Q. I (mid-30s, female) have been single for a few years now. The last couple of years have been pretty hard, as they were for many people, and I needed to take some time away from dating to take care of myself, as well as my family. I’m thankfully doing a lot better now, and as a result I’m trying to get back into dating more actively and intentionally this year.
I have a good support system, I’m going to therapy regularly, I’m actively planning trips and weekend excursions, I enjoy my work, and I volunteer weekly, so my life is pretty fulfilling as it is. But I do miss the intimacy and close companionship that comes with being in a relationship. And after a lot of work in therapy, I have a much better idea of what kind of partner I need, as well as what I need to do to be a healthy partner in turn, than I did in my 20s.
As I’ve been getting back on the apps and attending speed dating events, I’ve just been a little taken aback at some of what I’ve been encountering. I’m struggling to find single men in my age group and a bit older who … I don’t know, seem comfortable in their own skin, who are taking care of their emotional and mental health. To be fair, I don’t really think any of us have our lives completely together given everything happening in the world, and I’m not an exception to that! I guess I’m just wondering where to meet the single men who have a healthy definition of loving themselves and others.
OUT OF THE GAME
A. This is a numbers thing, I think.
On an app or at a speed dating event with a bunch of strangers, there are going to be a bunch of people you’d never want to date, and maybe a few you’d like to get to know better.
There’s some luck involved in finding the right people in the crowd. It can take a very long time.
Also, some people don’t show you all of themselves during a short interaction. They might be doing a lot of personal work, and might be wonderful on any other night. It’s hard to figure someone out in just a few minutes.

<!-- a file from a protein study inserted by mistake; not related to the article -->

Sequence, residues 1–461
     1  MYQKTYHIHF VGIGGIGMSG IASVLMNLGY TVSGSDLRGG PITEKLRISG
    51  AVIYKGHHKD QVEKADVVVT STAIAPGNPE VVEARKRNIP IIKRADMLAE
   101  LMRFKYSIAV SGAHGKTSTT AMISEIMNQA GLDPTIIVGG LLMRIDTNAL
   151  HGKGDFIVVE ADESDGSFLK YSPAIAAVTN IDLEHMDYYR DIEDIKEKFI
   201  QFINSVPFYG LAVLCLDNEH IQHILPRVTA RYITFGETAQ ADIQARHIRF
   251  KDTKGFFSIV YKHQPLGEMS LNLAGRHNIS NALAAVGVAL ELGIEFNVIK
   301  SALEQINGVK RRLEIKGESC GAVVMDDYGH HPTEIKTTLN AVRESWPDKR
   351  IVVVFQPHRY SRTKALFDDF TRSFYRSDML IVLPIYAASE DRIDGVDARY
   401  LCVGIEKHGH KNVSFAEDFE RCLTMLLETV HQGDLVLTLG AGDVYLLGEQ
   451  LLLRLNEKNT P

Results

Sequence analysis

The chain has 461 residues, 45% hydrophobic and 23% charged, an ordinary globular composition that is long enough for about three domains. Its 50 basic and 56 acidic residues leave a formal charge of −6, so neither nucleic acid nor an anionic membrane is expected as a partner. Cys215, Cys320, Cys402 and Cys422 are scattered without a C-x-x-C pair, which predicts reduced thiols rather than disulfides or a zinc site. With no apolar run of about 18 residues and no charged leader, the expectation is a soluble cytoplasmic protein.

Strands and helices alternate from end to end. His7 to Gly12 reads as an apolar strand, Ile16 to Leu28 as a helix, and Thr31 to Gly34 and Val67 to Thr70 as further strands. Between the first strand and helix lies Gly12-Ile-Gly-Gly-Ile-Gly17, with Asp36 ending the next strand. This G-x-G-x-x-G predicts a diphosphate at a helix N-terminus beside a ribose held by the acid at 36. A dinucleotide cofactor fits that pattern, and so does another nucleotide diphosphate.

I wish I had advice beyond “be patient.” I’m sure others have told you to join groups (and apps) that expose you to new communities. Maybe some extra volunteer work — like getting involved with a festival that features art, books, or music you care about.
I can validate that it’s annoying, disheartening, and time-consuming, and sometimes it’s like … “ugh … why am I even looking?” Especially after a break. Especially when you’re like, “I’m ready, so why isn’t everyone else?”
Part of this is understanding that regardless of how good you feel, it’s still a long process that people make hit TV shows about. There are big ups and downs. Lots of plots that go nowhere. The thing that’s different now is that you’re better equipped to handle it if you get lucky and meet someone cool.
As running people say, it’s a marathon not a sprint. If we’re sticking with that metaphor, sometimes it’s more pleasant to walk the marathon route and enjoy scenery, take detours, stop to have some sandwiches, and have and find some good company along the way. You’ll get there eventually.
Your can’t possibly know who is taking care of his mental and emotional health through dating app interactions. It’s pretty presumptuous of you to make that assumption about someone you’ve never met.
You’re going to speed dating events and expecting people to be comfortable in their own skin? The whole setup lends itself to stress and self-consciousness. Will I be rejected, will anyone like me, will I be the person that no one chooses? Making calls about someone’s emotional health in a situation like that seems pretty unfair.
Yup, dating is a numbers thing. You’ve got to kiss a lot of frogs. I’d be careful not to judge too much what you see on an app. Just because they don’t know who Tom Brady is doesn’t mean they aren’t a good match. My husband and I would never have met on an app. He spent the weekend skiing, I spent it at the spa. I practice a religion, he does not. But we value the same things and we’re on the same path.
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